Kanye West debuted a new single late Friday night. Unlike most artists, he didn’t just upload it to YouTube and contact the major music news Web sites to build publicity. He took to Twitter for just the second time in the past four months, tweeting, “NEW SONG AND VISUAL FROM MY NEW ALBUM BEING PROJECTED TONIGHT ACROSS THE GLOBE ON 66 BUILDINGS, LOCATIONS @KANYEWEST.COM”. On his website, locations were listed on a map of the globe, coupled with mysterious 10- to 15-minute time intervals.
One of those locations was “University of Chicago (Music Dept) E 59th St. & S Ellis Ave.” The Web site said 12:15 a.m. to 12:30 a.m., but a crowd began to form on the sidewalk in front of Goodspeed long before that. By a quarter past midnight there were hundreds of people crowded on the corner, students and community members alike. Attendees were cheering excitedly; a nervous energy permeated the crowd as wild rumors spread about how the projection was going to happen, or if Kanye himself would show up. Shouts and pointing fingers accompanied every shadow moving in Goodspeed Hall or Haskell. The UCPD and the CPD were both on hand, and as time went on, more and more police officers arrived on the scene to help keep the crowd off of the street.
A few minutes after 12:30 a.m., a black Jeep and a large black truck bearing a projector and sound system arrived. A team wearing all black got out of the truck, set up the projector, and played “New Slaves.” Before Kanye started to rap, images of price tags flashed brightly on the wall. When he did begin, Kanye’s verses were delivered intensely and demanded attention. The video visually mirrored the present drama—it featured an extreme close-up of Kanye angrily rapping about a commercial brand of slavery that has been adapted to the rules of the 21st century. It ended with a falsetto voice bemoaning the reality that things just aren’t going to be the same. With all the cheers and energy that accompanied the song’s release, it felt much more like a live performance than a recorded video.
The next night, Kanye took to Saturday Night Live, despite ranting about the notion of humanizing himself on the show just a week prior. He stated, “Somebody asked me, ‘When you do SNL, is you going to do a skit about the paparazzi and shit? And humanize yourself?’ I ain’t here to apologize for no motherfuckers, man! It ain’t about me humanizing myself!” It was clear that Kanye wasn’t going to alter himself for the show anymore, as was the case when he infamously substituted an entire verse of “Power” to avoid complaining about SNL while on SNL.
He followed through on his promise, electing not to participate in any of the skits as he had in the past. Previous skits featuring Kanye had addressed recent media controversies, such as the incident with Taylor Swift at the VMAs. This time, he used his music alone to address recent issues. He started off the show by debuting “Black Skinhead,” which opened with a pack of dogs barking and a sample of Marilyn Manson’s “The Beautiful People.” Clad in his trademark black leather pants and a studded leather jacket, he delivered a song that was more screaming than it was rapping. The song featured Kanye at his darkest yet. He roamed back and forth on the stage, skirting shadows in front of the same price tags and slogans that accompanied the previous night’s projection of “New Slaves.”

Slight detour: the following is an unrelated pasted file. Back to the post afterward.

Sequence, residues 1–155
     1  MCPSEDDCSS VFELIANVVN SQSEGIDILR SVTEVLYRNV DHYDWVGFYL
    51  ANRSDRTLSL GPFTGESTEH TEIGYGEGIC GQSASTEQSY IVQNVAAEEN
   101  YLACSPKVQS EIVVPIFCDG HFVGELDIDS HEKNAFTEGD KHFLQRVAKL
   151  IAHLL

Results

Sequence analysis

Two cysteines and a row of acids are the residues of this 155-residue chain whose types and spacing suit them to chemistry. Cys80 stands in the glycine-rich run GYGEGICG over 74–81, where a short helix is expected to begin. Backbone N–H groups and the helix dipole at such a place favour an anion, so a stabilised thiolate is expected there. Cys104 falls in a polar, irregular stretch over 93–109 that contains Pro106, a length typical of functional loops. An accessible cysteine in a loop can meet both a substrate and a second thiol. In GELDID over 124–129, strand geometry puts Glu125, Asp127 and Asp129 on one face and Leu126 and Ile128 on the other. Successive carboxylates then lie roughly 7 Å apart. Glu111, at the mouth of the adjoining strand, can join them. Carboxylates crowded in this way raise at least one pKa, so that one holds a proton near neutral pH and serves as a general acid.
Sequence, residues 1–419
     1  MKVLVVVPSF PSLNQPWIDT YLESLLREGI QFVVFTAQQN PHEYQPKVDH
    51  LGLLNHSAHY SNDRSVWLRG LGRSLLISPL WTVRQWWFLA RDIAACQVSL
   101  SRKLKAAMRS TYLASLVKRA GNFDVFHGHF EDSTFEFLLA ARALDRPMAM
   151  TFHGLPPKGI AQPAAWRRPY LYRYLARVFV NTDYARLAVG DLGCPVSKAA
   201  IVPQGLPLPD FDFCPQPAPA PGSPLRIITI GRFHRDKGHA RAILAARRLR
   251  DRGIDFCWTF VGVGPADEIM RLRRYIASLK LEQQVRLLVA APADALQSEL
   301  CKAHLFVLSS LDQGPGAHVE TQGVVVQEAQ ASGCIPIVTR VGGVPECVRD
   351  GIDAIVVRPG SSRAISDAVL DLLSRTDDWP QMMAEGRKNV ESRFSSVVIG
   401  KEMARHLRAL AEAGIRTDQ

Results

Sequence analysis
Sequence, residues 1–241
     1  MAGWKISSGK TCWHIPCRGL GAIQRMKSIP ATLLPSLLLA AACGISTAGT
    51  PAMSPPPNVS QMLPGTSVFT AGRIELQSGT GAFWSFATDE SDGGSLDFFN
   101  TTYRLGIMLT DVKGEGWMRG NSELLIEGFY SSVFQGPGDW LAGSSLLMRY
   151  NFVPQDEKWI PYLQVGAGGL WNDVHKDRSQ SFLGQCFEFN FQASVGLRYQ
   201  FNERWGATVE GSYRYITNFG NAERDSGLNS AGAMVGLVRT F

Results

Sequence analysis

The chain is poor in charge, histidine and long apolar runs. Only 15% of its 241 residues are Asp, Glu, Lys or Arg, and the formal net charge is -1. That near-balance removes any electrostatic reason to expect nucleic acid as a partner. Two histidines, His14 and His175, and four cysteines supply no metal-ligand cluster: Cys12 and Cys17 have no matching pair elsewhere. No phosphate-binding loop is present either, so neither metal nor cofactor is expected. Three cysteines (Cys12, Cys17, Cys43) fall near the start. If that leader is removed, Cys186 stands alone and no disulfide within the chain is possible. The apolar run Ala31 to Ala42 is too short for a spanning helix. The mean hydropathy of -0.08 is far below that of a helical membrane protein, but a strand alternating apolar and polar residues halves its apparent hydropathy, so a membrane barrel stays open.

“Black Skinhead” offers up lyrics that serve as a conceptual extension from where “New Slaves” left off. While “New Slaves” describes the attempts of the government and other institutions to enslave the population through advertisements, “Black Skinhead” is Kanye’s rebellion against these institutions. He yells, “I’m doin’ 500, I’m outta control now/But there’s nowhere to go, now/And there’s no way to slow down/Runnin’ out of time—moving fast/So just close your eyes and then enjoy the crash.” Kanye can’t be controlled, and isn’t in control, and is going to do what he wants, regardless of how much it might hurt him or anyone else. He ignores the rules he describes in “New Slaves” in favor of delivering his very own breed of “Fuck up your whole afternoon shit.” Just as the imagery behind him says, Kanye is “NOT FOR SALE.”
Kanye’s method of publicizing his new album breaks the conventions of typical album releases. From surprise appearances at the Roseland Ballroom and the Met Ball, to Frank Ocean’s mom tweeting that Ocean was the falsetto voice featured on “New Slaves,” to Kanye’s girlfriend, Kim Kardashian, announcing the name of his new album on Instagram on Saturday night, Kanye’s unpredictability is unprecedented. According to a tweet at the beginning of May, which simply read “June Eighteen,” Yeezus drops on June 18 via Def Jam. It reportedly features Daft Punk, Chief Keef, Pusha T, Skrillex, John Legend, Big Sean, Kid Cudi, 2 Chainz, Azealia Banks, and members of Odd Future, but any further concrete information about the album is extremely scarce. One thing is for sure, though—you’ll be hearing it.